Friday, 31 October 2008
Another interesting reaction to our Night Music project, this time from Richard Fairman in the FT. The debate about how we presented the event continues to rage. OK, we had a lighting designer and tried to make the stage picture reflect the mood and tone of the music; we had stage consultants and had thought about the way the concert should flow; the musicians had rehearsed the links between pieces so there was no chance of them banging into their music stands. And yes, having the house-lights down meant that the audience could not see their programmes: but is that any different to going to see a play or an opera? All your attention can be directed to the music, and when the diction is as clear as Mark Padmore's you don't need to follow the texts. We always put our programme notes and any texts on our website a week before our own promotions, so there is plenty of time to read up in advance. Anyway, we wanted to provoke a debate, but we obviously don't want to alienate our audiences. Let us know your views!
Tuesday, 28 October 2008
'Joviality has its place in music but its most life-enhancing consolations often derive from the darkest materials.' A great summary of our Night Music programme from Fiona Maddocks in today's Evening Standard: read her full review. There is a final chance to hear this programme in Southampton tonight
Saturday, 25 October 2008
Thursday, 23 October 2008
Fiona Talkington introduces our latest SinfoniaCast in which Mark Padmore and Kate Kennedy consider the importance of text in our Night Music project. The first concert is in Cambridge tonight at 8.00pm: Kate and Mark will discuss the ideas in the podcast in greater depth before the concert at 7.00pm.
Wednesday, 22 October 2008
John Woolrich's note on his piece 'Ulysses Awakes' belies what, to me, is one of his finest works: 'There are two great arias at the beginning of Monteverdi’s opera II ritorno d’Ulisse in Patria: one for Penelope, and this one for Ulysses, waking on the shore of his homeland. In this retelling the viola sings Ulysses.'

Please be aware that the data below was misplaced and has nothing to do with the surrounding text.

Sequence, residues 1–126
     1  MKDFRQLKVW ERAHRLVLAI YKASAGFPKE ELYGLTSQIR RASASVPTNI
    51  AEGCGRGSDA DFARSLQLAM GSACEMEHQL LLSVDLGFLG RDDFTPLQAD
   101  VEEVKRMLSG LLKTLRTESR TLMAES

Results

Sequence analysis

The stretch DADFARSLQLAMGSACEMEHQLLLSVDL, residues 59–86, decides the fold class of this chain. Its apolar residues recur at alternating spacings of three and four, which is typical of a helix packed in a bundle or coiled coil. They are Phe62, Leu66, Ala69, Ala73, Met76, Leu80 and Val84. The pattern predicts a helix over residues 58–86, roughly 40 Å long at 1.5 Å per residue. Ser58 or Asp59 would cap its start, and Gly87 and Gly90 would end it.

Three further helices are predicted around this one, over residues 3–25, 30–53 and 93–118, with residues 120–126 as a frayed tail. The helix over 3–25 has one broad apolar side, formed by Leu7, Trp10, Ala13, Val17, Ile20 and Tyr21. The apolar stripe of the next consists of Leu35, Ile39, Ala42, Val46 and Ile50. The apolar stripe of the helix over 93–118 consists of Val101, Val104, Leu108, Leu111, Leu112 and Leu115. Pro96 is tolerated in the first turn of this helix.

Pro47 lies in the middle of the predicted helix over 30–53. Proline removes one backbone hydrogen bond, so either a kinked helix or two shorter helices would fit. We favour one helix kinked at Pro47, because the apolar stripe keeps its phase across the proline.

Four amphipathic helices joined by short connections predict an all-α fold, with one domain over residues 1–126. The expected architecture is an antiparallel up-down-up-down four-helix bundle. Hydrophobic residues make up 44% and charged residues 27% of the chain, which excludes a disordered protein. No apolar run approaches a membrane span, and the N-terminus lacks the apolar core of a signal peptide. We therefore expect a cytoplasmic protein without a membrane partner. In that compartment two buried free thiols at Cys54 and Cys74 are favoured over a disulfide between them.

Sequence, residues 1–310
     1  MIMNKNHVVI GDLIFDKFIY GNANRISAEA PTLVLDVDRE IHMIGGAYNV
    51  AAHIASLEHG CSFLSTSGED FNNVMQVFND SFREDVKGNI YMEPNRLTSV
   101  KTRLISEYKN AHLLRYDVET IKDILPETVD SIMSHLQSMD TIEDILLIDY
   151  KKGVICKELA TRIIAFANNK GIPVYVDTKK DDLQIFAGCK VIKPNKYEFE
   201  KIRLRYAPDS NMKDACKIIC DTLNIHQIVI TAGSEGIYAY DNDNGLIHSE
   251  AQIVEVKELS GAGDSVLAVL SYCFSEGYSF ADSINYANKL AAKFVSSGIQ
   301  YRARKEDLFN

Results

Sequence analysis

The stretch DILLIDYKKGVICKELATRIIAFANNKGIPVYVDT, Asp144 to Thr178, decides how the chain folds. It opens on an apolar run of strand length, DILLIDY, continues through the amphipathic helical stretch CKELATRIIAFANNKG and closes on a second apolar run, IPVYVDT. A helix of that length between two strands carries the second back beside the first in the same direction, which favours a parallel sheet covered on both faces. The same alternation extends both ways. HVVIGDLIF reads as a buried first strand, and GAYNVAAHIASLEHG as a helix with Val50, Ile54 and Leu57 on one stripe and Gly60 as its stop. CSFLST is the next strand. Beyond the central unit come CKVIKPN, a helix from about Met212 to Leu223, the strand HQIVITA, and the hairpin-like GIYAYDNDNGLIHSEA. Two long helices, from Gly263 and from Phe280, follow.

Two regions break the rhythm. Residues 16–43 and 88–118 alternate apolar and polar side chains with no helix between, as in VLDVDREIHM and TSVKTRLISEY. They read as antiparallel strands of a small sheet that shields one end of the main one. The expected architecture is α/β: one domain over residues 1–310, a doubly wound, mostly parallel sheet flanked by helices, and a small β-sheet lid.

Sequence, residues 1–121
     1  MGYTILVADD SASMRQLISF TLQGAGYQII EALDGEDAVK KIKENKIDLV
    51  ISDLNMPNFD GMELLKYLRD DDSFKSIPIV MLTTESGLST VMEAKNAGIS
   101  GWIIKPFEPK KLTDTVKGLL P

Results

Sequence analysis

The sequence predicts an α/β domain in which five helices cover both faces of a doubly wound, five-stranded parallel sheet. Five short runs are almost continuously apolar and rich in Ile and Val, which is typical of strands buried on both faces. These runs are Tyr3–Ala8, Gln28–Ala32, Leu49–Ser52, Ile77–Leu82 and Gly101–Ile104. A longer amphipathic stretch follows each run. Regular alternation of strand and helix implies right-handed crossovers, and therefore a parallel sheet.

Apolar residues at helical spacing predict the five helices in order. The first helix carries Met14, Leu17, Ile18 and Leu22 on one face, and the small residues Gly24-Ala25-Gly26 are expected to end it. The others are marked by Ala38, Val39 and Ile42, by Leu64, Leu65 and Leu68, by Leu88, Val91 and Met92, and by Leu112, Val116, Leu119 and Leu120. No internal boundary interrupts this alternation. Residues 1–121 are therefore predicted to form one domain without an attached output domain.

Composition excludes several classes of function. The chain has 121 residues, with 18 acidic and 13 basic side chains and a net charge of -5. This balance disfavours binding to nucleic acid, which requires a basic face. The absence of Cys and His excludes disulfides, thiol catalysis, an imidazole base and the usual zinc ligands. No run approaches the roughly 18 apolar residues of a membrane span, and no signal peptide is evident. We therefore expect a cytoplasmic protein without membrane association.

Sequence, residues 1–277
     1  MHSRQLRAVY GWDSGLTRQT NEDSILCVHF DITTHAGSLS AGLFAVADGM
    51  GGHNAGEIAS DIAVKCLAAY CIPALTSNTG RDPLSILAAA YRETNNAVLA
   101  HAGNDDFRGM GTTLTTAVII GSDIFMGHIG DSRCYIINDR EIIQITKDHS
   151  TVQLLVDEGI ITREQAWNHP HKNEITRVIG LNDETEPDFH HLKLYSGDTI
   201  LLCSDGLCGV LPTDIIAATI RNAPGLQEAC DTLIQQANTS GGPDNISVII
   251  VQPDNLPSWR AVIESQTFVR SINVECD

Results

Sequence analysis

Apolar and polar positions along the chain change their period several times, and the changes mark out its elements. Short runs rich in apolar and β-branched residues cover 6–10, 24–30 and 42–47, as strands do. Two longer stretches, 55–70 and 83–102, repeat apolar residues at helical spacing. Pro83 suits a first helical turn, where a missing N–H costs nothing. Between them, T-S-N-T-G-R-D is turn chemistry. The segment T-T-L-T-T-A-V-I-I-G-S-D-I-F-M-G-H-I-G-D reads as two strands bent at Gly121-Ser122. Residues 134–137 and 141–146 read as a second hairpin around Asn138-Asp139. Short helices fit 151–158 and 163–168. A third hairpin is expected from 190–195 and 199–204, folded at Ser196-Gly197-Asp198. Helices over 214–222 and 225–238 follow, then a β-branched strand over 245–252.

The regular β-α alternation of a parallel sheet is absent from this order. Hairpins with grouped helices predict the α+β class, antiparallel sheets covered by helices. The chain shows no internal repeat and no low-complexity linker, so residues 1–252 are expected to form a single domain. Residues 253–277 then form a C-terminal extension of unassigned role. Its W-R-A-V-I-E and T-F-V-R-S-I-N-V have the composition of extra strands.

We are joined by Maxim Rysanov as soloist in our Night Music project.
Tuesday, 21 October 2008
Mark Padmore joins Britten Sinfonia for a programme exploring the theme of night, with music by Birtwistle, Stravinsky, Britten, Woolrich and Handel. Full details are here. The concerts are in Cambridge on Thursday, Norwich on Friday, London next Monday, and Southampton next Tuesday. The literary delights equal the musical ones, with texts by Milton, Shelley, Tennyson, Coleridge, Middleton, Wordsworth, Owen, Keats and Shakespeare. Watch out for Mark's own analysis of the programme in next Saturday's Guardian Review.
Monday, 20 October 2008
Our new season is getting going, and what a brilliant (if exhausting) start: two Family Music Days on consecutive days. The children in Cambridge get the special opportunity of taking part in gamelan workshops. Having just come back from Korea, where I witnessed a similar event in Jeonju, I can't resist some photos from each continent. The fascination with percussion instruments is universal, and I suspect UK children would love the chance to learn dragon dances as well. More news later this week on our Night Music project with Mark Padmore, and do check our newly revamped website.